This is a great, moderate route. The belays have good ledges and the bolts were well thought out. For the most part, the bolts are still solid. It will be interesting to see if the bolts develop the cratering around the edges like on the South Face Route, on the Great White Throne. We noticed that the last 2 belays had some bolts that were loosening up a bit. We didn't place any natural gear. The setting is magnificent!
|By Andy Laakmann|
From: Bend, OR
Apr 17, 2010
Super fun! A great change of pace after you get tired of freaking yourself out in the canyon.
Bring your sun glasses, with the white rock I almost felt snow blinded!
The climbing is very straightforward, though be ready for it to be sandy. Once you find the first pin, the rest of the climb is easy to follow - particularly if you have the topo.
Approach: 1.4 miles east of the second tunnel, park along the wooden fence. Go down the road and drop into the canyon passing the petroglyphs to the left within 100'. After climbing out of the sandy canyon, the butte will come into view. Find the path of least resistance up the saddle to the right - we zig/zagged along ramps as much as possible. It was definitely 4th class at times - you wouldn't want to fall. A flat bench separates two steeper bits getting to the saddle. On the way back down, we discovered a tree with rap slings for the lower steep section below the big bench and happily used it. It is located to the right of the bench as you are coming down. Once at the saddle, keep walking all the way around until your are on exposed but easy slabs. 30-45 minutes depending upon your speed.
Start: Per the topo, it is located up and right of the big canyon/holes at two small pinyon bushes. They are barely connected so not sure how long they'll last. The first pin is hard to spot but is up and right about 40 feet from the bushes. The belay anchor sucks as mentioned above. I had a green alien and bush. I couldn't find the "cam slots" mentioned on the topo.
Climb: I think I placed one nut for the fun of it, but it definitely wasn't required. I really didn't see any other worthwhile gear placements. The climb generally trends up and left, and you can always spot the next bolt/pin from the previous one. 4 pitches and then a quick scrambled to the summit. The crux I thought was the final "dismount" to the loose crap, though YMMV :) Nice fat anchors w/ chains.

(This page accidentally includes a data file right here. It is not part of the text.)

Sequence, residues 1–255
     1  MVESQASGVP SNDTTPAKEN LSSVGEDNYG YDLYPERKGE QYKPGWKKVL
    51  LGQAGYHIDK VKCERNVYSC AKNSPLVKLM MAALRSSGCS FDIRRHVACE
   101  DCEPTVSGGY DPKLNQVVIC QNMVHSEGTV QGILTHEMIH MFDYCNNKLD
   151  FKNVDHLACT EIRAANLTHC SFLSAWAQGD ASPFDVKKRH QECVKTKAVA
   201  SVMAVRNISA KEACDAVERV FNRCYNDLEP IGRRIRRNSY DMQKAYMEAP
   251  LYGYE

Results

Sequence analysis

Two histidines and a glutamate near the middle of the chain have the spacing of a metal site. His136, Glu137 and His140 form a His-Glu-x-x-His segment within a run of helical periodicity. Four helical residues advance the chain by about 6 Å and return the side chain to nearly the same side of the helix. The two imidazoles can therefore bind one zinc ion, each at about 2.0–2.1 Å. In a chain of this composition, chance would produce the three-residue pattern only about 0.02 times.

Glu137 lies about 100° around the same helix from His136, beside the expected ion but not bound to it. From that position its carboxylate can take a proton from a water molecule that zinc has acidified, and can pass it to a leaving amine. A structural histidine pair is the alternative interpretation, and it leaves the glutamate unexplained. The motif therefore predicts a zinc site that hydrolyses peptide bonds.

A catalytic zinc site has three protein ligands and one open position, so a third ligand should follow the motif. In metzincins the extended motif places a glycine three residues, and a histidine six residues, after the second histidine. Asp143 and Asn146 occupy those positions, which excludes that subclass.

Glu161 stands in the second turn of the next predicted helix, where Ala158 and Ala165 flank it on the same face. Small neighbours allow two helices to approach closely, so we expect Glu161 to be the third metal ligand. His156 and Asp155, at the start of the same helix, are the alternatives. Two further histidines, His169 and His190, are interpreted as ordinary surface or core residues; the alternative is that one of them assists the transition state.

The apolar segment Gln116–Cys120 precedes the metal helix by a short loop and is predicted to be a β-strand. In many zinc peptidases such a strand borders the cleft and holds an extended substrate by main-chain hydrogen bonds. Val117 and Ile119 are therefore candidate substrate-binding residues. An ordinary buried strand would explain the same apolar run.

Descent: First rap is 85' and you want to single rope it, as your knot will guaranteed get stuck in the loose debris. Then double rap back down from there. The pulls are nice and clean after the first one. Wander back down from the saddle aiming for the first big pine tree on the right when it starts to get steep. Then zig/zag back down to the bench. After the bench, go down and right to the rap tree if you plan on using it.
A great time in a stunning setting. Do it!
|By Jason Burton|
From: Pinedale, WY
Apr 27, 2010
Great route Jersey! Good find for sure. Love this route. 6 quickdraws + some slings for the anchors is really all you need. We took some other stuff up the first time but didn't see any placements that looked good enough to bother. Summit register is up there too, so sign it and add to the flavor.
Step up, wipe shoe on pants, step up, wipe other shoe on pants. repeat.
I like the petroglyph canyon approach better than the keyhole approach.
|By Asa King|
From: Mountain Home, ID
Oct 19, 2010
Fun route, there aren't very many placements for gear, but the climbing is easy enough to just runout between the bolts about 50 feet apart. Sand can make some of the spots pretty slick.
|By Nick Smolinske|
Mar 14, 2011
Great route! Can't believe those sheep free solo it.
We took Petroglyph canyon (the 1.4mi one) to the route, but on the way back decided to take an alternate route via the other canyon (when you hit the saddle, head down southeast instead of southwest). We ran into some pretty nasty slabs and had to jump over a 50-foot deep slot canyon to get to better stuff on the other side. Highly recommended. Decent trees to belay the jump, and just a few minutes of road-hiking to get back to the car.
Oh, and if you want to use the "cam slot" for a belay on the first pitch, bring a #1. And a toothbrush. And a hair dryer.
Sep 17, 2011
Just amazing, well worth it. If you are a confident lead climber, you really only need 5-6 long alpine draws for the entire thing. Don't waste the time looking for gear placement and packing the extra weight. Just climb and have fun only stopping long enough to clip the next bolt... Pitons are old, but everything looked good. Anchors looked as good as to be expected. Felt as though pitch 4 anchors were hard to find. Ended up running it out to the top only to have my partner find the anchor on the way up. The fifth pitch was chossy and very loose not recommended unless you just want to summit. Easy climbing though.
From: West Jordan
Mar 15, 2012
After a few days teaching ourselves aid climbing and me getting injured we decided to take it easy on our last day in Zion and do this long sport climb. It was one of our favorite days of the trip. Great for a rest day. The climbing itself gets boring quick but the hike in and the view from the top are totally worth it. We went the wrong way around the base at first so make sure you go right and up the saddle. If you feel like you should start seeing camels you're in the right spot. We lounged around in the sun at the bottom where you rope up and then ate lunch at the top and explored the summit for a good hour at least. It looks like lightning strikes this summit on a regular basis from the looks of the exploded charred trees. Didn't use any extra gear except long slings and even then ended up skipping bolts and running it out on accident. If you get off route it's tricky getting back on. We both climbed in approach shoes. Watch for lots of rocks at the very top as well as a spinning anchor bolt at the top of 3. Be careful the whole time, not just while climbing. I slipped on the sandy slope after untying from the last rapp and almost rolled over the edge and resorted to butt scooting more than once on the deproach.